Astonished that good birth control that would not make a woman sick had become so difficult to find, I traveled to pharmacies throughout Tehran and Karaj the next day. In Karaj, a burgeoning city 20 kilometers west of Tehran, a pharmacist told me that when it comes to such medicines specifically for women, most are no longer available. One pharmacist put the situation in perspective like this: “Two months ago, we didn’t even have access to foreign birth control– at least we do now, even if it’s Yaz or Yasmin. But go searching in all of Iran, and you won’t find any vaginal creams or vaginal antibiotics. And for women who are undergoing IVF treatment, they have to search high and low to buy their medicines on the black market. There’s nothing left in the pharmacies.”

What all this means is that women suffering from yeast infections, urinary tract infections, and other vaginal infections have no recourse to modern medical treatment for extremely common, painful maladies. And for a woman undergoing IVF treatment and hoping for a child, well, the black market with it’s back-breaking prices awaits, with no guarantee that the medicine she buys to inject into her body are actually the drugs she thinks she’s paying for.

Some have suggested that Iran’s birth control shortages may also be due to the Ahmadinejad government’s push to reverse the country’s family planning program in a bid to boost the national birth rate and increase family size (today, Iran has a population growth rate of 1.2 per cent and a fertility rate of 1.6). I posed this specific question to pharmacists and manufacturers, who are working at the frontline of shortages.

They agreed that mismanagement and internal conflict over public health policy play a role in medicine shortages, but on the issue of birth control, they didn’t think it was the government’s doing. Foreign brands of birth control went missing for five months at precisely the same time that other foreign medicine became hard to find in the country. Nearly three months ago, Yaz and Yasmin returned to the market, but other foreign brands that used to be widely available did not.

Throughout this, however, Iranian-made birth control pills have remained on the market. Some raised the issue of IVF treatments, arguing that if decreased access to good birth control pills was government policy to increase the birth rate, then where were the necessary injections for IVF treatment? Women who were actively trying to get pregnant could not find the medicine they needed to ensure their pregnancy. And why have vaginal antibiotics and creams disappeared, which have nothing to do with increasing the population? “In short, what is going on is that medicine for women has become increasingly difficult to find–all medicine for women, and no one talks about it,” said a pharmacist in Tehran’s Vanak Square.

Last week the U.S. Treasury Department, which oversees all American sanctions, announced that it was adding additional items to its general license for medicine export to Iran. The export of medicine has always been allowed under the current sanctions regime against Iran, yet there is still a severe shortage of medicine in the country. At this point, actions like this from the U.S. have become comical for those of us who travel to Iran frequently. Which bank is willing to make the transactions necessary for the medicine to reach Iran, given that sanctions have choked off Iranian banks from the world? Which company is willing to ship the medicine to Iran, given that almost all shipping routes have been sanctioned? The U.S. Department of Treasury can appear to be making a humanitarian gesture, but without making actual changes to banking and trade sanctions – which have been and will continue to block the sale of medicines to Iran – nothing will change.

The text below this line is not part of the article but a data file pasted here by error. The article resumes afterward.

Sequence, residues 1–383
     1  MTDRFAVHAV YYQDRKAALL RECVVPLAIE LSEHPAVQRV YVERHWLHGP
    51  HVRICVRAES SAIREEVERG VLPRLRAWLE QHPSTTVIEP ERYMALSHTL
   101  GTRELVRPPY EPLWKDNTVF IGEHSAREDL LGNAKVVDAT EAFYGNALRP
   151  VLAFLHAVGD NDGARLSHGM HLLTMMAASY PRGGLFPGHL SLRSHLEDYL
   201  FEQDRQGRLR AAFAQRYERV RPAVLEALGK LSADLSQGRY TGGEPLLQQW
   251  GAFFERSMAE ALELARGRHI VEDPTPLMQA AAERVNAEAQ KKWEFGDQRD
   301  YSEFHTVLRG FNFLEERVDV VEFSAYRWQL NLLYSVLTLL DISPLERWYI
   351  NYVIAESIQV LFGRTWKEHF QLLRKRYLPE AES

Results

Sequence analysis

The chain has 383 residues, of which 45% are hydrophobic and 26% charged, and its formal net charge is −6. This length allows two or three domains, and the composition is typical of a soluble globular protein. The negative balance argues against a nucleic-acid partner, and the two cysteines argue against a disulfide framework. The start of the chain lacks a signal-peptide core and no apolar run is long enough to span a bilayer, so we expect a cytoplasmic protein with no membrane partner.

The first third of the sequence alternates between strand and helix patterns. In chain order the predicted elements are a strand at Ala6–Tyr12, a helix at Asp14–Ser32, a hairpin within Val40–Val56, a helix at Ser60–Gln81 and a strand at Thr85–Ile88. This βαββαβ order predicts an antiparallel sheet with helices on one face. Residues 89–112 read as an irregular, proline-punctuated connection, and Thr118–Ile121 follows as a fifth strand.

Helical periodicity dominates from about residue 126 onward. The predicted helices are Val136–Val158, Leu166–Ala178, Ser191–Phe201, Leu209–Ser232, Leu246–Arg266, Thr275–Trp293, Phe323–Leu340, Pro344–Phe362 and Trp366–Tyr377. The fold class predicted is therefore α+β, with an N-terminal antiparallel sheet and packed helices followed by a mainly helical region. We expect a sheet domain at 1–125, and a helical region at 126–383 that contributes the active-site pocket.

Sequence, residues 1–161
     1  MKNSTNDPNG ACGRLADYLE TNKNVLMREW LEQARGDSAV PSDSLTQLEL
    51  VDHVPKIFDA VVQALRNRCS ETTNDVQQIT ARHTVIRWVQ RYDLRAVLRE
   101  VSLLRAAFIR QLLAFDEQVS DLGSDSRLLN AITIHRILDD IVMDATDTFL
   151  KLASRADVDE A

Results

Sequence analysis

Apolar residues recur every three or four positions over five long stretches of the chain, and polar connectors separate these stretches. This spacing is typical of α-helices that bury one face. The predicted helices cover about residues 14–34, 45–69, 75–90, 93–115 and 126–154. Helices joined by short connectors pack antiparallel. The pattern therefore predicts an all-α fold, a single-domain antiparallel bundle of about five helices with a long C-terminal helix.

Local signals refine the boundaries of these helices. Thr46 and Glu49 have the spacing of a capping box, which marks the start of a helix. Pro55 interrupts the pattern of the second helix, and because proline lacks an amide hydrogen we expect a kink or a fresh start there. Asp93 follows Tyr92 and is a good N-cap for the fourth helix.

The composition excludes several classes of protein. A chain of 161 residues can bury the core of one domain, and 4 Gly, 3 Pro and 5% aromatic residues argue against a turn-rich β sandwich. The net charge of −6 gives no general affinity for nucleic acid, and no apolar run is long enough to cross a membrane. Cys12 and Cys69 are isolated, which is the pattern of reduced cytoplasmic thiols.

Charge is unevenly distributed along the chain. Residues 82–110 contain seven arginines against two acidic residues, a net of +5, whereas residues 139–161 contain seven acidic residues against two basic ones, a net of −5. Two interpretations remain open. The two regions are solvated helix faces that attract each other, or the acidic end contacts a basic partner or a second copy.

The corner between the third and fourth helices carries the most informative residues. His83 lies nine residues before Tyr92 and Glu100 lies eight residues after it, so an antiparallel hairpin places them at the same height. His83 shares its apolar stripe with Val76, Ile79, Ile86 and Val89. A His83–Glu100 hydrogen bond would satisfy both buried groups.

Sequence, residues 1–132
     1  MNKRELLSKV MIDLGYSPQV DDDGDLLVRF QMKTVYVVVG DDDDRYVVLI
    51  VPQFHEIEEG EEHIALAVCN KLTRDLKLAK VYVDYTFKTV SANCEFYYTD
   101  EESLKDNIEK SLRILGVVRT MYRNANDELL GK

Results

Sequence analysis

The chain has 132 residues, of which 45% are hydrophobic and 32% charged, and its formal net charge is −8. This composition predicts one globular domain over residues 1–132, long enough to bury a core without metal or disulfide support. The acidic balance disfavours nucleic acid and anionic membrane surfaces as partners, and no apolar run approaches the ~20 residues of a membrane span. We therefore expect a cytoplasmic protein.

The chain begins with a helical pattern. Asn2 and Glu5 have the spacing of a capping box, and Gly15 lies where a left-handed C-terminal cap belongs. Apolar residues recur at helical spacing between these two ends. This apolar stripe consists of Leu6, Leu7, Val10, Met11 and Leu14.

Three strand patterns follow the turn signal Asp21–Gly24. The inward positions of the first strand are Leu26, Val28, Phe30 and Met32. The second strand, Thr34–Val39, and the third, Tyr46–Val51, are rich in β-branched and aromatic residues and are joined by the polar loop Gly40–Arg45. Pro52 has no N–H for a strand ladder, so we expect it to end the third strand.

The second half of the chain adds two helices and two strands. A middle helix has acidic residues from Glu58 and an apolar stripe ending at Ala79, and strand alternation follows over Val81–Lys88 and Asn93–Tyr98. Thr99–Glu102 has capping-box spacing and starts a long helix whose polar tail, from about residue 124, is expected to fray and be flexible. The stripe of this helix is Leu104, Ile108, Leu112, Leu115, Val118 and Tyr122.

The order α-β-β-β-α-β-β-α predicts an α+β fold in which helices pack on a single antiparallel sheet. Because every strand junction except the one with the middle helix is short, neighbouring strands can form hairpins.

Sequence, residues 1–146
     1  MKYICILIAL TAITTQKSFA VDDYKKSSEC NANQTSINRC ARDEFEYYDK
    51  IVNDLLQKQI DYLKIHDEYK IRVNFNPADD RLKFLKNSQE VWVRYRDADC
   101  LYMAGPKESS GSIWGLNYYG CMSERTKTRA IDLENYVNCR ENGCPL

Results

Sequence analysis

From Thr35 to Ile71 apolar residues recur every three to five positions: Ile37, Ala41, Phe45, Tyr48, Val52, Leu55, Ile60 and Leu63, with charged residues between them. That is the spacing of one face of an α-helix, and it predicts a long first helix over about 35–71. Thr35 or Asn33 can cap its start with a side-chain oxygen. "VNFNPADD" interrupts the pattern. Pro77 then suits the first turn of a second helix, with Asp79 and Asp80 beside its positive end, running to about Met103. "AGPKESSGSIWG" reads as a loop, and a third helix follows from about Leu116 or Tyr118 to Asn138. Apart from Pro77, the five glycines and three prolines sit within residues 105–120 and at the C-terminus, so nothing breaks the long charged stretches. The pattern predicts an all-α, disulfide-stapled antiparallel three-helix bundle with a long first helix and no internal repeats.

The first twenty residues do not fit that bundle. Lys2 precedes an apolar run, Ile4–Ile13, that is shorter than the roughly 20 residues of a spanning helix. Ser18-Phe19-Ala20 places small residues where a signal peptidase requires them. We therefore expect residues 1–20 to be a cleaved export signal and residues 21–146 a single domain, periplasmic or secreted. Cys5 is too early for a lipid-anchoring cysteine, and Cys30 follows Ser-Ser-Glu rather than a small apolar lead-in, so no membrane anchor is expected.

And in the meantime, millions of women in Iran will continue to suffer the consequences of compromised U.S.-made birth control pills and the lack of any medications at all to treat the other gynecological problems they may have. American policy makers, who ironically invoked the plight of women in the Middle East to enact their wars in the region after Sept. 11, should know that their policies in Iran are quite literally making women sick.

Narges Bajoghli is a Ph.D student in anthropology at New York University, and director of the documentary film, The Skin That Burns (2012), about survivors of chemical warfare in Iran.

Article origionally published an Iran News Wire

 

Syria, 2006

The Veils of Democracy: Into the thought-experiment of Steal this Hijab

Dear Steal this Hijab readers:

I launched Steal this Hijab in April 2010 as a way to communicate all that I was learning through my PhD studies on gender rights in an Islamic context. I maintain StH in my spare time, and given I work, research and am politically active – there is not much time to spare!